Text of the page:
In Ransome, this court concluded that a suit for breach of a community property agreement, brought four years after the agreement was executed, was also within the exclusive jurisdiction of the Family Court.   The parties were divorced on January 27, 1993.   On that same date, they executed a community property agreement settling and liquidating the community property that had existed between them during marriage.   We found that, clearly, the partition agreement was incidental to the parties' marriage and subsequent divorce.   Therefore, because the matter involved actions between former spouses seeking enforcement of a contractual settlement of claims, the Family Court of East Baton Rouge Parish was the court of proper jurisdiction.  Ransome, 99-1291 at p. 3, 791 So.2d at 121.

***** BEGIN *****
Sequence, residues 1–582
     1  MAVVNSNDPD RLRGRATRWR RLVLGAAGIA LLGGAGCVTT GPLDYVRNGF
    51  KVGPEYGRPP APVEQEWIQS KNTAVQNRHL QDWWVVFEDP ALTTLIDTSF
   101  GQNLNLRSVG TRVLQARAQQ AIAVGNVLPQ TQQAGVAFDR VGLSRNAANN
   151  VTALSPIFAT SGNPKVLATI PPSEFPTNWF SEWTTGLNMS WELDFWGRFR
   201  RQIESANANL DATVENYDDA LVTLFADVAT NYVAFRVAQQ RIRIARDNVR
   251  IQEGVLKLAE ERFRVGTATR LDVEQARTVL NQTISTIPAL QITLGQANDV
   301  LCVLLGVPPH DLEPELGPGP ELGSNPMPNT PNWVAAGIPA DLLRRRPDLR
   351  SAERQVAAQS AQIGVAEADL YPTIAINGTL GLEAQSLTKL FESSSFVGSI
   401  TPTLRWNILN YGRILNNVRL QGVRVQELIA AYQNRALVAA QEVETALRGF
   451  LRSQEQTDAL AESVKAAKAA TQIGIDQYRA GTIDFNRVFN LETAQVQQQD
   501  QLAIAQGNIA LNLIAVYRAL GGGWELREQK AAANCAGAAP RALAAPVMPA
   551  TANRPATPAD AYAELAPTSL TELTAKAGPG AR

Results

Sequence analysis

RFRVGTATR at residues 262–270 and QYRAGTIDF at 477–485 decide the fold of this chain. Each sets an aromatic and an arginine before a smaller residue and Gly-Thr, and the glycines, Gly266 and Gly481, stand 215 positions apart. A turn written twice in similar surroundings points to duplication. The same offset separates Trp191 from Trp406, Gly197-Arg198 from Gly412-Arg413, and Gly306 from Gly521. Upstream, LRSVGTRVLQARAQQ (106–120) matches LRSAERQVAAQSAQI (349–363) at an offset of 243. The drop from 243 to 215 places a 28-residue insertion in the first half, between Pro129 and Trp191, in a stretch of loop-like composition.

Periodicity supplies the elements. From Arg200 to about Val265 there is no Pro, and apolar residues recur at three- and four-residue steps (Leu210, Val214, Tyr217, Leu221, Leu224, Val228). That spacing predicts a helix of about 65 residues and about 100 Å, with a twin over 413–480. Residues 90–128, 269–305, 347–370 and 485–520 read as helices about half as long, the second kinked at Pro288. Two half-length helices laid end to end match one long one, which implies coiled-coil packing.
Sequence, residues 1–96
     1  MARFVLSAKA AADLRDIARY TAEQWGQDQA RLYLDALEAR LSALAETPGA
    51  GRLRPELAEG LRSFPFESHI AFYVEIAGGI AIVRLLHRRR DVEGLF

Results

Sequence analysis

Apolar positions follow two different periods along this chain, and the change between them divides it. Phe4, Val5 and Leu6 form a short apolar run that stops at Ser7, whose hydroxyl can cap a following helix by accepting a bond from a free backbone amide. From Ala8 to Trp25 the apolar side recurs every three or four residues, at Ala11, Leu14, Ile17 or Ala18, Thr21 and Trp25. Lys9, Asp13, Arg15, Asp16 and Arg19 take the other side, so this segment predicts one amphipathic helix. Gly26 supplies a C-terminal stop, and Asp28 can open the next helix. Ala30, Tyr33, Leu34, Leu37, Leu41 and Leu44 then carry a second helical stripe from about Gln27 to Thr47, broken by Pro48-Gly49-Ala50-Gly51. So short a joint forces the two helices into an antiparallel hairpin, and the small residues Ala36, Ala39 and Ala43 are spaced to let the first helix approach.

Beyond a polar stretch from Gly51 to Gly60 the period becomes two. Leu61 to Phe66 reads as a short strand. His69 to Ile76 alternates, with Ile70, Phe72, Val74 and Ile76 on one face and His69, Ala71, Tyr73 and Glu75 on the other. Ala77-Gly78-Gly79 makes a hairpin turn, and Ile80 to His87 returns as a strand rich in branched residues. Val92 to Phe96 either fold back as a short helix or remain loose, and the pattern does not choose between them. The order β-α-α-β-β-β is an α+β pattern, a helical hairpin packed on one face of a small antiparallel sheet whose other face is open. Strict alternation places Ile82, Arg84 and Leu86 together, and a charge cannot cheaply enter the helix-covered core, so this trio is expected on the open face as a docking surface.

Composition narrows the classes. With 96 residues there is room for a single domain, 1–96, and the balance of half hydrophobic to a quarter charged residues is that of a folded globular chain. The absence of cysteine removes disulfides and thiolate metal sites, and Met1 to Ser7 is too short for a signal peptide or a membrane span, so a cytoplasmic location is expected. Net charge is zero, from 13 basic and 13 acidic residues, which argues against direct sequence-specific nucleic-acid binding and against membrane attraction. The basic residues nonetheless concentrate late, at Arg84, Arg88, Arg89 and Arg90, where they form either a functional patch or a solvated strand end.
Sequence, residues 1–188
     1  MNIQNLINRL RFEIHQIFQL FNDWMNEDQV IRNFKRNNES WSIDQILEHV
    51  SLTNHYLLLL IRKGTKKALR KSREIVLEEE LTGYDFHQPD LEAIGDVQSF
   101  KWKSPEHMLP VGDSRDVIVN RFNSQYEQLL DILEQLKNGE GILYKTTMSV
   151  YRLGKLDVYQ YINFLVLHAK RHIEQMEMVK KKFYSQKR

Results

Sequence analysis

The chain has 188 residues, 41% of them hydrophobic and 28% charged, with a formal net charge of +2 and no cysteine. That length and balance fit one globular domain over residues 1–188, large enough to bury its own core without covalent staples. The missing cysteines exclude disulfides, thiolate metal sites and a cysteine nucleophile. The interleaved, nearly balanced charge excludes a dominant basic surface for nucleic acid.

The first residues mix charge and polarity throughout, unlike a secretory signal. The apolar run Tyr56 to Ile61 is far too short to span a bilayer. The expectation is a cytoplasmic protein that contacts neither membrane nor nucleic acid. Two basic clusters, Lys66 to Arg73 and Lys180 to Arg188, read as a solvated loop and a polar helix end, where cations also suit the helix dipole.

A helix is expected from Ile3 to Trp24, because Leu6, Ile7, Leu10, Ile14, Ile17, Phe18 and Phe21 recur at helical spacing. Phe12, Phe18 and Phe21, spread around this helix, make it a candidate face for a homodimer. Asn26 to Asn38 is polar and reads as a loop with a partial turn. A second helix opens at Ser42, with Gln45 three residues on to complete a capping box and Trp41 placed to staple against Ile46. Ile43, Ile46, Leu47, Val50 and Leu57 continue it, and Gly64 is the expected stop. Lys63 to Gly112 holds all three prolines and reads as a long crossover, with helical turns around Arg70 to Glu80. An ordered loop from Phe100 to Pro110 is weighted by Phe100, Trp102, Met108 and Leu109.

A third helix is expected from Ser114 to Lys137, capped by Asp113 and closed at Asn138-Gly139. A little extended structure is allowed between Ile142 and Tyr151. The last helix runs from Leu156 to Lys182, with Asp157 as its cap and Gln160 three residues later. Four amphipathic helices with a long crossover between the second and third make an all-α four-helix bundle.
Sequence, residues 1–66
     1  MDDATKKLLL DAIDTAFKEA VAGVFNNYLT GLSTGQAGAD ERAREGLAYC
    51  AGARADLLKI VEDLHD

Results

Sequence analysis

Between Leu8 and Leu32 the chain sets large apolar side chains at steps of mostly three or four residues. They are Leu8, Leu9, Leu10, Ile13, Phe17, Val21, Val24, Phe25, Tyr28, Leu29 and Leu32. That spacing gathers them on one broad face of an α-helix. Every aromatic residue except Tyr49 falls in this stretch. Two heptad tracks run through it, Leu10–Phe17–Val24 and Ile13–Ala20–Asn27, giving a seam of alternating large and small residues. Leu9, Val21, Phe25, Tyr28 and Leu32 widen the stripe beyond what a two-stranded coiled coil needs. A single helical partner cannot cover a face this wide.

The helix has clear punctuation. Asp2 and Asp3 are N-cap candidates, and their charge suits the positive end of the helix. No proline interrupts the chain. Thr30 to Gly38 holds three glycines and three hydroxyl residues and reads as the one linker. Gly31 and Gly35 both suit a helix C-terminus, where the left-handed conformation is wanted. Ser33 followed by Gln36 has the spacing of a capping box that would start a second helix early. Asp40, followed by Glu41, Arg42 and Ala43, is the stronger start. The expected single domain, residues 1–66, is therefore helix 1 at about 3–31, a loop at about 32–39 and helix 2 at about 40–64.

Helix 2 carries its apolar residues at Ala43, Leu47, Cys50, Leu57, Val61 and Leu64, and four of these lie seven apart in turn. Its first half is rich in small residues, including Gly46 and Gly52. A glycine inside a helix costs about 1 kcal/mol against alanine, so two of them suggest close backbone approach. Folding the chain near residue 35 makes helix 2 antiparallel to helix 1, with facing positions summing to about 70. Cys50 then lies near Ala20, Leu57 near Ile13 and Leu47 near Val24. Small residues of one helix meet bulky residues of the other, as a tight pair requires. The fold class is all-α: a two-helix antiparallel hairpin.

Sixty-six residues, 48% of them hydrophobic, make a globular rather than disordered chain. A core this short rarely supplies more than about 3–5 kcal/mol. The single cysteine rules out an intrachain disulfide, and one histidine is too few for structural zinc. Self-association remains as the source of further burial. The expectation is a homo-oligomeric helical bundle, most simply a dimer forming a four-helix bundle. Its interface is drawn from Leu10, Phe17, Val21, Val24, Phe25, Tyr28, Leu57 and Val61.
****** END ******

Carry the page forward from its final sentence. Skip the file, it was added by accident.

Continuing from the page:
Both the Ransome and Gerald cases dealt with issues incidental to the parties' marriages.   The parties were trying to settle issues between themselves relating to their marriage.   Such is not the case here.   This matter does not pertain to the classification of property or the determination of responsibility of debts as between the parties.   In the case sub judice, there is a third party (the succession) seeking satisfaction of a judgment from solidary obligors.   One of the obligors paid the obligation in full and is now seeking contribution from the other obligor.   The issues to be resolved are not between the former spouses, as such, but as co-debtors obligated to the succession.